The proposed changes to legal aid will hit many vulnerable people hard. Here, I want to concentrate on its impact on victims of domestic violence. Nearly two women every minute are subject to domestic violence. Each week, two women will be killed by a current or former partner. Clare Wood – whose case inspired the controversial “Clare’s Law” which will allow women to find out if their partners have a history of violence against women– is an example. She was strangled and set on fire by an abusive ex-boyfriend.
To know that a woman – someone’s daughter, mum, sister – is regularly raped, beaten, threatened is heinous enough, but imagine enduring such violence – sometimes daily – in your own home, a place where you’re meant to feel safe. You don’t need legal aid to pack a suitcase to escape a controlling partner. But you do if you need help to fight him in the courts for, say, child safety orders. With the proposed changes to the law, victims will have to jump through impossible hoops.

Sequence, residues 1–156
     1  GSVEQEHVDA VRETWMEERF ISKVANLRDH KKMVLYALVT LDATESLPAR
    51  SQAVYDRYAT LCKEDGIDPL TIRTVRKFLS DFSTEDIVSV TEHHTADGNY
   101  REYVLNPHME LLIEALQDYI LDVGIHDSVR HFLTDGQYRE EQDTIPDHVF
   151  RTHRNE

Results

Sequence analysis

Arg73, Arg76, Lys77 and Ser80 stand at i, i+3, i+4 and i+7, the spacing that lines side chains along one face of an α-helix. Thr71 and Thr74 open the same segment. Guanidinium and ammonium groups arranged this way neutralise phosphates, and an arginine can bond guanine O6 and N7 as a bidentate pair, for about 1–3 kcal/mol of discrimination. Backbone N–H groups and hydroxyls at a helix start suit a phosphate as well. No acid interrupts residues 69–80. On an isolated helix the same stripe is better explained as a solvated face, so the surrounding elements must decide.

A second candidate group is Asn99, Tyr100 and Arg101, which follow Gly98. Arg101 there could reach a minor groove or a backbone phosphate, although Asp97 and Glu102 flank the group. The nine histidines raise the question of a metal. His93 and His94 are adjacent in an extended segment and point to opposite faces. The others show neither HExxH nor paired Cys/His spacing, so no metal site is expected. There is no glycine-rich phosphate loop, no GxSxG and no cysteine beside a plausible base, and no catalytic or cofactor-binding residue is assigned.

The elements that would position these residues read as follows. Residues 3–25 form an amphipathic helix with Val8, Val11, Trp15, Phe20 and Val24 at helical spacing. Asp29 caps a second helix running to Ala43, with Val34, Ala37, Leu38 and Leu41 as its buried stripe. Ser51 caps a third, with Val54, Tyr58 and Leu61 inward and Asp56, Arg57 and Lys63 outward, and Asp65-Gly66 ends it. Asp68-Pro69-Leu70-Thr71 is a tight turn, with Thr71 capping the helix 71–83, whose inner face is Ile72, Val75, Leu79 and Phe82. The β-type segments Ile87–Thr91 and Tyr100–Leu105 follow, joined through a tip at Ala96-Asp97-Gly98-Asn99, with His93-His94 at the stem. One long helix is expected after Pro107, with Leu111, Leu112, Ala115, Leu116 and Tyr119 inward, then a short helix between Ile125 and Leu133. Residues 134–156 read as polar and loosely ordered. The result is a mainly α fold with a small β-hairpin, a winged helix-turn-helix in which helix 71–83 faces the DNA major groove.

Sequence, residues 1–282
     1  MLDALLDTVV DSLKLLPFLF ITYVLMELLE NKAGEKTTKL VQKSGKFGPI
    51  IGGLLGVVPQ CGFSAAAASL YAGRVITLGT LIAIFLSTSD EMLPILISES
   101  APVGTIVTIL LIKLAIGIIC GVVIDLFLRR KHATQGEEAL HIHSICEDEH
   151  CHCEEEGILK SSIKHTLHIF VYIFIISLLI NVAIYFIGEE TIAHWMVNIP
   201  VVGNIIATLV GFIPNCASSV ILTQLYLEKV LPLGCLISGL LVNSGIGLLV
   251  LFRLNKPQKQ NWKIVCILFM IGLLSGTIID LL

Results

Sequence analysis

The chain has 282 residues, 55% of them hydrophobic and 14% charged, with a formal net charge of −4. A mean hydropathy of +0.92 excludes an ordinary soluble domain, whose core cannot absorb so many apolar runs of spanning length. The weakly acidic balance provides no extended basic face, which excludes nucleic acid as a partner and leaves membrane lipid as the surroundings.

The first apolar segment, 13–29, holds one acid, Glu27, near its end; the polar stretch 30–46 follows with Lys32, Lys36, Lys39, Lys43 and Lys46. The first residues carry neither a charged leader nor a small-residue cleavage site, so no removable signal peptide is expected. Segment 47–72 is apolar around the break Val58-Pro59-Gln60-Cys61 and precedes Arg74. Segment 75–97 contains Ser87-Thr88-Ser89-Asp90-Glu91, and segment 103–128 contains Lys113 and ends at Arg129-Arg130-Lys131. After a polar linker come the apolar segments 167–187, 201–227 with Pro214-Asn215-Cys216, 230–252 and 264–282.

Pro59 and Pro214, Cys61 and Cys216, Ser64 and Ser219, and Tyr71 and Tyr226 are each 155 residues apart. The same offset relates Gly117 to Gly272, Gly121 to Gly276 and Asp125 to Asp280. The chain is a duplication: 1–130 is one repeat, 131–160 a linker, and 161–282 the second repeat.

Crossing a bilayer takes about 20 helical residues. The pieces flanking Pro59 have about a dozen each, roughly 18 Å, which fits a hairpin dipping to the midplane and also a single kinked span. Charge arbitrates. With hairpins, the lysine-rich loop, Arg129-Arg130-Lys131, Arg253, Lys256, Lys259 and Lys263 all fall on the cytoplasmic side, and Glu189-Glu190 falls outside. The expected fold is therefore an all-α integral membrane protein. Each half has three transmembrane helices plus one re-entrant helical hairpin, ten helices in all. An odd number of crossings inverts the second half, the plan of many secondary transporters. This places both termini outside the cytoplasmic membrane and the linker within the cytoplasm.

If they can’t answer yes to questions such as “Is there a non-molestation order in place?” or “Has there been a criminal conviction for domestic violence or child abuse?”, there will be no legal aid. There are various other, unrealistic criteria. More than half of the victims currently getting legal aid say they would no longer qualify.
And all of this at a time when their self esteem is at rock bottom and their lives – and maybe that of their children – are being threatened. How very easy it is for a man like Ken Clarke and his colleagues to not understand what this means, and yet how very important it is that they should.
It’s easy to think this bill doesn’t affect you – but nobody plans to become a domestic violence victim. None of us knows when we may need this legal aid, or when our children might. Domestic violence happens behind closed doors: all other doors should remain open to the victims.
Annalisa Barbieri is patron of Rights of Women.